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Networking tips for people who hate to network

Introverts may not be natural networkers, but with a little bit of preparation, they can master this critical business skill better than just about anyone

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Networking may be key to furthering your career and broadening your contacts—but what to do if you’re a natural-born introvert and hate to chit-chat? According to Susan Cain, author of the best-selling book, Quiet: The Power of Introverts in a World That Can’t Stop Talking, between one third and one half of Americans (and, likely, Canadians) are introverts. And while networking may never become the introvert’s favourite pastime, with some advance planning—and a bit more control over the environment—introverts can learn to survive, even thrive, in the schmooziest of schmoozefests.

Here are five things every introvert needs to know.

1. Start with your “warm” connections

Introverts work best at—and, in fact, have mastered—the fine art of relationship-building. Your current contacts, then, are a good place to start when beginning to network. As executive coach Anne Marie Segal says in Forbes, “the common ground will allow you to build a professional relationship more quickly. In addition, if you grow a network through current connections, your target networking audience will be hand-chosen rather than arbitrary leads, so they are likely to be better matches in any case.”

2. Get to networking events early

Nothing stresses an introvert out more than having to join an already-rollicking conversation. As the self-proclaimed introverted PR professional Fiona Armstrong told The Guardian, “Introversion has nothing to do with shyness or general awkwardness; it is an inbuilt aversion to high stimulation environments.” So, reduce the stimulation and go before the throngs arrive. Better yet, says Armstrong, try to connect with other delegates online beforehand. “If you can connect in advance, it won’t be a cold start.”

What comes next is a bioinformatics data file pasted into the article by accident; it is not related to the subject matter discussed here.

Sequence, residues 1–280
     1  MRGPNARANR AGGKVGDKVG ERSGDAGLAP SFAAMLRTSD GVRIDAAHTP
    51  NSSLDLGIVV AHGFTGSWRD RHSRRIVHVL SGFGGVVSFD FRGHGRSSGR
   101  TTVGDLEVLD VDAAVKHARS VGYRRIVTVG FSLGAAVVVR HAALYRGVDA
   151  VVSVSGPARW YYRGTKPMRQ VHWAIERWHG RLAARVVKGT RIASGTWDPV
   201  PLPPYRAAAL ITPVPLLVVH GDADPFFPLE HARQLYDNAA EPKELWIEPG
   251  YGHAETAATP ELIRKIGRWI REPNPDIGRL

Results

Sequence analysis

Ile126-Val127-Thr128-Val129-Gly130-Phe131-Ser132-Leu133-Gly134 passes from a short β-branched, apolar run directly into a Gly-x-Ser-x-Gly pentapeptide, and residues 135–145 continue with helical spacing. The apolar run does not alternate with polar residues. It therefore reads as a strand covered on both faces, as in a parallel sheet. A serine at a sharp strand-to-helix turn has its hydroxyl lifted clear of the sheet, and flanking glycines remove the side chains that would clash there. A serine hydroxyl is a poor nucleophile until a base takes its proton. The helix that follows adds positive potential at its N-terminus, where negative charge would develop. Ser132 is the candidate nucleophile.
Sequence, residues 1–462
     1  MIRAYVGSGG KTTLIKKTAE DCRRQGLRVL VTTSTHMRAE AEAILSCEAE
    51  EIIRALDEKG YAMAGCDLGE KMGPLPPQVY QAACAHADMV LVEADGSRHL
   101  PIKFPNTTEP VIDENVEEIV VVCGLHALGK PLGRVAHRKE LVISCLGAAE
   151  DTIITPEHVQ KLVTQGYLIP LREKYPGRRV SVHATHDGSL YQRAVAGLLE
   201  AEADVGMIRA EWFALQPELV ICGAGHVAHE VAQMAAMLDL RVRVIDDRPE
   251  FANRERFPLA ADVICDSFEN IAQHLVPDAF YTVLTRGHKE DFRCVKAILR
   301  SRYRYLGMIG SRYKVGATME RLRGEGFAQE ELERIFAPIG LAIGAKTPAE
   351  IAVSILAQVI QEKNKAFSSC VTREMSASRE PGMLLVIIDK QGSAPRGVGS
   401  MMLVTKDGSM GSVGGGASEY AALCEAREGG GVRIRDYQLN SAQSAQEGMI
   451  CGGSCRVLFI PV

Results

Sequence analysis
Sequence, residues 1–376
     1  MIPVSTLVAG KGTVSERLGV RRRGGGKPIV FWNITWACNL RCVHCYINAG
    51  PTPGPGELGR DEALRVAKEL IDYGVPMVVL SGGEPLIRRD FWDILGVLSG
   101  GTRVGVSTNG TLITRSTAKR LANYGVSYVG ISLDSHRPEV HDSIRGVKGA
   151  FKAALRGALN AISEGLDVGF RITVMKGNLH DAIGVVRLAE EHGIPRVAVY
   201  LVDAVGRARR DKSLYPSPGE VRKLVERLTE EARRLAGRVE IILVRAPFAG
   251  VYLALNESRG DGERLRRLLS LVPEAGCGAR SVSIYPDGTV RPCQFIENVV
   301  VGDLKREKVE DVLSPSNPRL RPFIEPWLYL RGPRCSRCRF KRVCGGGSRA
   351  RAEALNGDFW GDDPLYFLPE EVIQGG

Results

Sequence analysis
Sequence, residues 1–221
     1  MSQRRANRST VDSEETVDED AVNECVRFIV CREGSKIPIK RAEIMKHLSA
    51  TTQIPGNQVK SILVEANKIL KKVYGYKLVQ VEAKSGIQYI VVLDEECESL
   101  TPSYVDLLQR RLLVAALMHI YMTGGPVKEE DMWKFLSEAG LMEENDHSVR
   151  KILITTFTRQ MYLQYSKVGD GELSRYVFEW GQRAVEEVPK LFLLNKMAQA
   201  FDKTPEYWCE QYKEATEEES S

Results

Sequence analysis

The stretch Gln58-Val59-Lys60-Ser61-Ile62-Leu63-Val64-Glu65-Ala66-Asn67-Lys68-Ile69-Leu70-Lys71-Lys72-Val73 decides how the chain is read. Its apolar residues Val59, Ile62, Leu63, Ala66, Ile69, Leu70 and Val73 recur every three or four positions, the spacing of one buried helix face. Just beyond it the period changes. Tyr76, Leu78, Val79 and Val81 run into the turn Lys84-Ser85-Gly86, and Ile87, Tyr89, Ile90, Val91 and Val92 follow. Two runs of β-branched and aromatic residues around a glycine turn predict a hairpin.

3. Focus on the one-on-one

One of the great skills of introverts is their ability as listeners. This makes them powerful conversationalists in one-on-one situations—but a bit lost at sea in group conversations. Try to find situations where you can speak one-on-one at networking events—or get the contact information of the person you’re speaking with to set up a one-on-one at a later date.

4. Be prepared

Preparation is key to just about everything in life—but particularly important for those things we find stressful. Reduce the stress of networking by having a standard opener at the ready (nothing beats the classic, “So what brings you here?”)—and a few pithy words on who you are and what you do. The less searching for words, the more comfortable you’ll feel—and the more comfortable your fellow conversationalist will feel. Also, come up with an agenda: who you want to talk to, what you want to get out of the event. Structure is the surest way of creating confidence.

5. Play to your strengths

Acclaimed speaker Dorie Clark, herself an introvert, details in Harvard Business Review how she managed to turn networking into something “downright enjoyable” by taking control of the experience. Some of the things she recommends (that have worked for her, anyway): creating your own networking events (gathering the people you want, and in the places you want); calibrating your schedule (making sure you have the requisite downtime before and after networking to recharge your batteries); and choosing events that suit your “circadian rhythm” (if you’re a morning person, do morning events; if you’re an evening person, do evening events).